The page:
In his opening remarks at the third FIPIC, PM Modi underscored the challenges faced the Small Island Countries like Climate change, natural disasters, hunger, poverty, health-related challenges, and barriers to supply chains of food, fuel, fertiliser, and pharmaceuticals. He said, “Those whom we considered trustworthy, it turned out that they were not standing by our side in times of need”.
Referring to India’s aid of vaccines, essential medicines, wheat, and sugar, PM Modi added, “I am glad that India stood with its Pacific Island friends during this challenging time… as the old saying has proven true: “A friend in need is a friend indeed”8. India also announced a 12-point action plan to drive the India-Pacific Islands partnership to fulfil PICs developmental aspirations. These include the plans for setting up of a super speciality hospital in Fiji with dialysis units and sea ambulances, desalination units, yoga centres, Jan Aushadi centres dispensing generic medicines. Two Jaipur Foot Camps every year in Fiji to provide free prosthetic limbs, upgradation of the Centre for Excellence for IT in Papua New Guinea into a Regional Information Technology and Cybersecurity Hub, the development of the SME sector and 1000 ITEC opportunities under the new “Sagar Amrut Scholarship” over the next five years.
Unlike major powers, India’s focus has been on capacity building and partnering on climate change issues which align with PIF’s Blue Pacific Strategy. PICs would stand to benefit from India’s Coalition for Disaster Resilient Infrastructure (CDRI) with an emphasis on developing infrastructure for Small Island Developing States (SIDS). India invited the PICs to join the CDRI. India has launched an Initiative for Resilient Island States (IRIS)9 that collaborates with ISRO for obtaining early warnings regarding major natural disasters to mitigate the damages.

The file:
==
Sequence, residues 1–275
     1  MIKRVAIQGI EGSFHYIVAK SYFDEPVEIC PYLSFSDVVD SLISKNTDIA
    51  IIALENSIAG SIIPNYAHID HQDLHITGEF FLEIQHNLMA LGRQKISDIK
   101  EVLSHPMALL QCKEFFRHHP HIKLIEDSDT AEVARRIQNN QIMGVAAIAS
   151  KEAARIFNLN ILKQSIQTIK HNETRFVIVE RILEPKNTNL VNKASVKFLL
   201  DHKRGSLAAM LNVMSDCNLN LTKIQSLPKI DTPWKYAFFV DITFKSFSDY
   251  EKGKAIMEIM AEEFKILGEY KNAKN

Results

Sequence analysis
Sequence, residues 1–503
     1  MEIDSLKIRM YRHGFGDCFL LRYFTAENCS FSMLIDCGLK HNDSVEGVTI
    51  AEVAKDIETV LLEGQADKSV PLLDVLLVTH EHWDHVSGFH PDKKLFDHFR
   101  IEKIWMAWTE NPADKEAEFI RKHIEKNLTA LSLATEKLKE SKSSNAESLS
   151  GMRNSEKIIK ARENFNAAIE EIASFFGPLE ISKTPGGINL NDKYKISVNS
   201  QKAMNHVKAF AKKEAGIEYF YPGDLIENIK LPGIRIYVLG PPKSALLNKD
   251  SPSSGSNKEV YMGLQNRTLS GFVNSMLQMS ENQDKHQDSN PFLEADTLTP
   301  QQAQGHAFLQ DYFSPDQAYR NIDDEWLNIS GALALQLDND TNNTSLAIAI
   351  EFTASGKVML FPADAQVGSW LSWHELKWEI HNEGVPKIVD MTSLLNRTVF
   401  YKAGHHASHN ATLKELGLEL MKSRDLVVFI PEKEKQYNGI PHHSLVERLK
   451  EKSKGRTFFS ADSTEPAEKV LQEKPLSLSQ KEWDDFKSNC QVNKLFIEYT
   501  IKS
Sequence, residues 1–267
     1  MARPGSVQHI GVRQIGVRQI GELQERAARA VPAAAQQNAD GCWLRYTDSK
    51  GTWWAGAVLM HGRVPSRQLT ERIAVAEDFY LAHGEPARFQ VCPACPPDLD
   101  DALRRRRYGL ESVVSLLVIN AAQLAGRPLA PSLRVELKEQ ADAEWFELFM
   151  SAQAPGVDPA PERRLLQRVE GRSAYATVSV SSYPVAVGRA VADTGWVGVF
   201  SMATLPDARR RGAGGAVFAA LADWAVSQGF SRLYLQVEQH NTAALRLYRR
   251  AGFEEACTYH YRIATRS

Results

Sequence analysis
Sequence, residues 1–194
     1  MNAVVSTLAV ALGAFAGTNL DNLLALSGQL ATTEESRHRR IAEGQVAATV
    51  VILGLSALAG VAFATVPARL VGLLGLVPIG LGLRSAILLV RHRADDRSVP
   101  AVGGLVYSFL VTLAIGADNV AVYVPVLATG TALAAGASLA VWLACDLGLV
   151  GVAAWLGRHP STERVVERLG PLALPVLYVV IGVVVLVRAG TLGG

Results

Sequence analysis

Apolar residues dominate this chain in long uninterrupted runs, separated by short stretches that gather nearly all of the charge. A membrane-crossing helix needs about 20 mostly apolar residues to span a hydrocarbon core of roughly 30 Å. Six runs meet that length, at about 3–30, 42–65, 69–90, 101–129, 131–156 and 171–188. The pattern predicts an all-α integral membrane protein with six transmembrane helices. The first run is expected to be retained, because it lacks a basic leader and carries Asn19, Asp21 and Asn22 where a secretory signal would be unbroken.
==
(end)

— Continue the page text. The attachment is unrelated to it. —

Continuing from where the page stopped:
To effectively push China, the US is now partnering with India under the India-US triangular Development Partnership to address global development challenges and formalise collaboration on a range of health-related aspects in Fiji10. Though Biden and Modi planned to address the leaders of PICs together after Biden had cancelled the visit, Modi went ahead and delivered an unmistakable message of supporting the developmental priorities of PICs. A day later, US Secretary Anthony Blinken signed a defence cooperation agreement with Papua New Guinea.
Island States which are now feeling left out of global discussions and considering themselves as the victims of great power influence are now pinning hopes on India. India has always positioned itself as a developmental partner and India’s Vaccine Maitri validated the same. Walking the talk of delivering on its civilisational values of Vasudaiva Kutumbakam, India has assisted these Islands during the Covid pandemic and accumulated an intangible wealth of trust.
In line with these values, India assumed the Presidency of the G20 with the theme of “One Earth, One Family and One Future”. Highlighting the concerns of the developing countries, India reached out to countries through the Voice of the Global South Summit. Welcoming Modi, Prime Minister Marape, said, “we are victims of global powerplay… you (PM Modi) are the leaders of Global South. We will rally behind your (India) leadership at global forums. You are the voice that can offer our issues at the highest as advanced economies discuss matters relating to economy, commerce, trade and geopolitics”11.
India’s development collaboration with the US in the Pacific Islands can help in the seamless integration of the Indian Ocean and the Pacific Ocean. Instead of working in silos with region-specific interests, a triangular development cooperation can cater well to the developmental needs of PICs. But the US has a poor record of deliverance especially in the Pacific region.
Critics have accused India of snubbing French colonies New Caledonia and French Polynesia in the region. India’s plans to work towards the goal of the blue economy with these Countries through the revived India, France and Australia trilateral. India is not competing for any influence in the region unlike the US and China. It has a limited goal of emerging as a developmental partner as of now. With the World tossed up the geopolitical contests and great power games, India can become a stabilising force for the good of the countries in the southern Pacific.
Image source: Money Control